He argued that that is was necessary to look at a much larger number of traits in order to get a complete picture of someone’s personality.
Whereas Eysenck based his theory based on the responses of hospitalized servicemen, Cattell collected data from a range of people through three different sources of data.
- L-data – this is life record data such as school grades, absence from work, etc.
- Q-data – this was a questionnaire designed to rate an individual’s personality (known as the 16PF) .
- T-data – this is data from objective tests designed to ‘tap’ into a personality construct.
Cattell analyzed the T-data and Q-data using a mathematical technique called factor analysis to look at which types of behavior tended to be grouped together in the same people. He identified 16 personality traits / factors common to all people.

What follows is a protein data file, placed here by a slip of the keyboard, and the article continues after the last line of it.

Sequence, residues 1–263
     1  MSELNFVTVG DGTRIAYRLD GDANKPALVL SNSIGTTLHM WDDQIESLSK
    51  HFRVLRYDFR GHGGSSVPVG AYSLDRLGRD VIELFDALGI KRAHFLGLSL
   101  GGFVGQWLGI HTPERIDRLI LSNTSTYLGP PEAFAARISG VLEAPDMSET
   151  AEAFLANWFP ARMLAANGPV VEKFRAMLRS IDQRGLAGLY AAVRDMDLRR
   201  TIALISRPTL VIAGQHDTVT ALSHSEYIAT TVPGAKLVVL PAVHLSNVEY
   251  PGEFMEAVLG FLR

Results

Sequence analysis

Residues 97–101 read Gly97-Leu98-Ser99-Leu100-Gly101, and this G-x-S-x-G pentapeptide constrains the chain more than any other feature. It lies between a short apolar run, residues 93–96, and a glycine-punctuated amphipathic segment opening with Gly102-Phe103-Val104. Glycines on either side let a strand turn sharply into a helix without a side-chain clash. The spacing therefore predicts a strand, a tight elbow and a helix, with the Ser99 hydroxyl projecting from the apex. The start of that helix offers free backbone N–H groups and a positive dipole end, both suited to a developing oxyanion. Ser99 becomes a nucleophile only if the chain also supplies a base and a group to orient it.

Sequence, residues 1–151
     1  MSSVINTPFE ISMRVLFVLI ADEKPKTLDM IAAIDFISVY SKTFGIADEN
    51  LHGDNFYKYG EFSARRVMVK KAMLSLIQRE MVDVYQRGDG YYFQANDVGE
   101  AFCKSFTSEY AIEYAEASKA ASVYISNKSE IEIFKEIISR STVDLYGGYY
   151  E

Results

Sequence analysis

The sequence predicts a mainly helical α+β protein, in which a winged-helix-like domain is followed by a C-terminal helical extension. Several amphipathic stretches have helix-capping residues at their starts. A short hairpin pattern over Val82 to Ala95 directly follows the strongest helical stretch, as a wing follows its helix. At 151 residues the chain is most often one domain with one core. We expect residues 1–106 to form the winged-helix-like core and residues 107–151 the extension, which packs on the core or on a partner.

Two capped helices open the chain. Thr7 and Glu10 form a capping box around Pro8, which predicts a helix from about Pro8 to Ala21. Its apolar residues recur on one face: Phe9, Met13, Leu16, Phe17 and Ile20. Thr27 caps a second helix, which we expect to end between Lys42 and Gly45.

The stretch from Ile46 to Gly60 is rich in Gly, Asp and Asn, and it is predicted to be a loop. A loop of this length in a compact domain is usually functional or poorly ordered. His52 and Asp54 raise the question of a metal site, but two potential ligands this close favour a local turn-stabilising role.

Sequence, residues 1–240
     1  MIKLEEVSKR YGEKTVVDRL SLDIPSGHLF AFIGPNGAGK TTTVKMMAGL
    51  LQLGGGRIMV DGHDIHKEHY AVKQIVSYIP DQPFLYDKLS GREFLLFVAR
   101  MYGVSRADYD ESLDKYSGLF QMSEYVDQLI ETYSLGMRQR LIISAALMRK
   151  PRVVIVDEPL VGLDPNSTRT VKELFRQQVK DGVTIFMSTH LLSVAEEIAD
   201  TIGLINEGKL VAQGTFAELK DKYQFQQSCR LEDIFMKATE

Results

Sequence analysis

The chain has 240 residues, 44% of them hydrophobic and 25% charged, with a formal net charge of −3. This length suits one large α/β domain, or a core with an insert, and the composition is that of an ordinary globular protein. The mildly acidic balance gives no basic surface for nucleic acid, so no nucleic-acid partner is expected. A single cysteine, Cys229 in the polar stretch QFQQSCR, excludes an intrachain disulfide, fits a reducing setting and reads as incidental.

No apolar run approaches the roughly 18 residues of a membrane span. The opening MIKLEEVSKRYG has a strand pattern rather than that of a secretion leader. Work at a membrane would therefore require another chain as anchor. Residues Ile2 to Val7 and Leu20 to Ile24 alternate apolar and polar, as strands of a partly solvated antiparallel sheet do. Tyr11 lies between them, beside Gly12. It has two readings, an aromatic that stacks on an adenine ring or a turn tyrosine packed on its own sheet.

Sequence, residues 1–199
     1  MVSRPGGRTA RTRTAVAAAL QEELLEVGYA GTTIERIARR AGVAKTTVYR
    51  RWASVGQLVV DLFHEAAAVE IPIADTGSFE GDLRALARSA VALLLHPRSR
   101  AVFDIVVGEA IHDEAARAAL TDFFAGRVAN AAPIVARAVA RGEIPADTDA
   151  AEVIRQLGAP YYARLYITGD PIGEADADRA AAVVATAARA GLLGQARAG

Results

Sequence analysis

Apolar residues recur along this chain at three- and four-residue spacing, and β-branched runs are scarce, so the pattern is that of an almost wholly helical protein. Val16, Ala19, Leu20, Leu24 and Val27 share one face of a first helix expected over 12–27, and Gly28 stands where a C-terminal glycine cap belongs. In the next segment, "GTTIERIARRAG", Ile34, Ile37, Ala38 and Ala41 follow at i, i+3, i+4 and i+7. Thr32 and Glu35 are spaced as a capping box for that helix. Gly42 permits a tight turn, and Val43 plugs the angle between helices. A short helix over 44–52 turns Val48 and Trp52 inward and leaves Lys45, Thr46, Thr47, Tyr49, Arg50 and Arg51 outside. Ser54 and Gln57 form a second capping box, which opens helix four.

Cattell made a distinction between source and surface traits. Surface traits are very obvious and can be easily identified by other people, whereas source traits are less visible to other people and appear to underlie several different aspects of behavior.
Cattell regarded source traits are more important in describing personality than surface traits.
Cattell produced a personality test similar to the EPI that measured each of the sixteen traits. The 16PF (16 Personality Factors Test) has 160 questions in total, ten questions relating to each personality factor.